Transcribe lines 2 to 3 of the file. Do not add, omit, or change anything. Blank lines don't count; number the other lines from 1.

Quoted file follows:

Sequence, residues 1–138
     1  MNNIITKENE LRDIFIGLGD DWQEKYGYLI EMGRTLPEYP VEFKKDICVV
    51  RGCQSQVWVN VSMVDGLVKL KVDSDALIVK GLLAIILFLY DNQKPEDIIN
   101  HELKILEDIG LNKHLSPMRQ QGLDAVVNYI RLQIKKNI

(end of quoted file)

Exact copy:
     1  MNNIITKENE LRDIFIGLGD DWQEKYGYLI EMGRTLPEYP VEFKKDICVV
    51  RGCQSQVWVN VSMVDGLVKL KVDSDALIVK GLLAIILFLY DNQKPEDIIN